Bartleby Snopes Writing Blog

Becoming a Better Writer

Author: Nathaniel Tower (page 2 of 4)

Finding Redemption with Gary V. Powell (Contributor Interview Series #2)

Bartleby Snopes has been lucky enough to publish a few of Gary V. Powell’s short stories in the past. This fantastic and prolific writer has an excellent new short story collection titled Beyond Redemption. We recently had a chance to sit down and talk with Gary about his work. Here’s what he had to say.

BS: The title of a short story collection often draws from a particular story or reflects a particular theme. Tell us, why “Beyond Redemption”?

beyond redemptionGVP: A flash piece that appears in the collection by that title originally appeared at Prime Number Magazine. In the story, the narrator’s uncle, an evangelical preacher, endeavors to save the narrator’s family from sin. The irony is that the self-righteous uncle has no clue as to the family’s real troubles—the father’s a closet alcoholic, the mother’s seeing another man, and the teenage son is engaged in that sin of all sins, premarital sex with a neighbor girl. The further irony is that although the mother, father, and son attend the uncle’s tent revivals with apparent enthusiasm, they have no intention of repenting of their secretive lives and “sinful” ways. 

Like many of the characters in my stories and flash, these characters have found personal redemption in a place that is beyond the redemption offered by the preacher, yet their compromises and choices allow them to survive this difficult condition we call daily life. That, I suppose, is the final irony.

BS: You open the collection with a story about hunting and lawyers. I know you used to be a lawyer. From the story, I’m guessing you aren’t a big hunter. (But I’m not a hunter, so what do I know?) How does personal experience play into your stories in general?

GVP: Nearly all of my stories originate from memory—an event, a scrap of conversation, a character, or a place. Yet, none of my stories are what I would call autobiographical. I use personal experience as a launching pad, but nearly always move past the memory in order to satisfy the demands of the story, For example, the story you mention, “Miller’s Deer,” has its  origins in my experience as a young lawyer. For a couple of years, I worked in a firm where each year the senior named partner invited a select number of associates and clients to his north woods cabin for a raucous weekend of drinking and deer hunting. Much like in the story, one’s chances of “making partner” depended as much on garnering an invitation to that event as on one’s legal skills. But the need to create tension, action, and eventually resolution, or something like it, caused me to abandon my pedestrian personal experience in favor of a more dramatic and satisfying story line.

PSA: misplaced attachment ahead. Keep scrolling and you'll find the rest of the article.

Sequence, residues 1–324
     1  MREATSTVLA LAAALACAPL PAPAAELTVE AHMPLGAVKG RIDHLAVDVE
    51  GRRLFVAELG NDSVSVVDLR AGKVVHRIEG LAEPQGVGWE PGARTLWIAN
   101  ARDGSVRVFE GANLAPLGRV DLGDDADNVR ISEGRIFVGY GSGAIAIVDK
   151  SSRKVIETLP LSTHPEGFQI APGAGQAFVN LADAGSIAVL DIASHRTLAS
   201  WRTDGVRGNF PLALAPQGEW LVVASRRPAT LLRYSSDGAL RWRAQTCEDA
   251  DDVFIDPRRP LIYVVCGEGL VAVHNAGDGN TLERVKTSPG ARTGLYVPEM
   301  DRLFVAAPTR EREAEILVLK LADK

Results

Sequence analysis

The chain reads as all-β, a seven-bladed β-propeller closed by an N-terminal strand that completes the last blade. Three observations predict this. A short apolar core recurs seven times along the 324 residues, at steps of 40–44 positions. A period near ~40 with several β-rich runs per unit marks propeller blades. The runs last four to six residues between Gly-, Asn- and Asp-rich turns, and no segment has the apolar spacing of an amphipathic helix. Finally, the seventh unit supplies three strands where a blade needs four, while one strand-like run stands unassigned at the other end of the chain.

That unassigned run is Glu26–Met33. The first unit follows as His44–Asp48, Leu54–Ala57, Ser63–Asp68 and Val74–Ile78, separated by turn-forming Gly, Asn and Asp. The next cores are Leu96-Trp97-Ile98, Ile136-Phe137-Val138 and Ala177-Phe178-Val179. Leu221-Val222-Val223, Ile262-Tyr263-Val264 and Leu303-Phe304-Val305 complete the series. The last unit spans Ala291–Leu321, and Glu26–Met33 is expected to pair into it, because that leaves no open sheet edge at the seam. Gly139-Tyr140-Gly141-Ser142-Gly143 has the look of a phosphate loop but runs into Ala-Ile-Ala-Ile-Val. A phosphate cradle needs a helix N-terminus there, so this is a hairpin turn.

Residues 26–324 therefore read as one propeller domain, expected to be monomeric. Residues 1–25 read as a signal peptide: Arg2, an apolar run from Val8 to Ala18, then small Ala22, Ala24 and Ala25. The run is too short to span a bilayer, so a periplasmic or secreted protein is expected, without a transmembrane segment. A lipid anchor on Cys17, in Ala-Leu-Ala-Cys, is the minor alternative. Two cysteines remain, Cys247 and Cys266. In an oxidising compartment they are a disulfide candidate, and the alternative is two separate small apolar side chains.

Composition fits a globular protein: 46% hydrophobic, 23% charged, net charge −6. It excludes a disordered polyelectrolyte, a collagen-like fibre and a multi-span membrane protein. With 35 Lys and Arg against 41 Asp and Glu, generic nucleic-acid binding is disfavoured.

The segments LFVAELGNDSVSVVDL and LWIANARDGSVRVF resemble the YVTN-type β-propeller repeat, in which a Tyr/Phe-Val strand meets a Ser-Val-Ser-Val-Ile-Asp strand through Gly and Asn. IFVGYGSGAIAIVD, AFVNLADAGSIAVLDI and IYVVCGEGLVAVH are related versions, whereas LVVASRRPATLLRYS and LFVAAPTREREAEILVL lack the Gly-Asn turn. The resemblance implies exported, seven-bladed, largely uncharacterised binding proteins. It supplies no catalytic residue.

While real life, if thoughtfully observed, is a good starting point, it’s only that. What matters is creating an entertaining story by placing characters in challenging situations while using well-constructed sentences and engaging language. If, in the end, some truth about the human condition emerges, that’s an added benefit.

BS: The collection feels diverse, both thematically and in length. How important is the order of the stories? Can you walk us through the gary v powell beyond redemptionprocess of how you put this collection together?

GVP: When I set out to assemble Beyond Redemption, I quickly realized I had enough previously-published content for two full collections. I decided to assign my earlier content to this collection and more recent work to the other collection, which I’m shopping around and subbing to contests.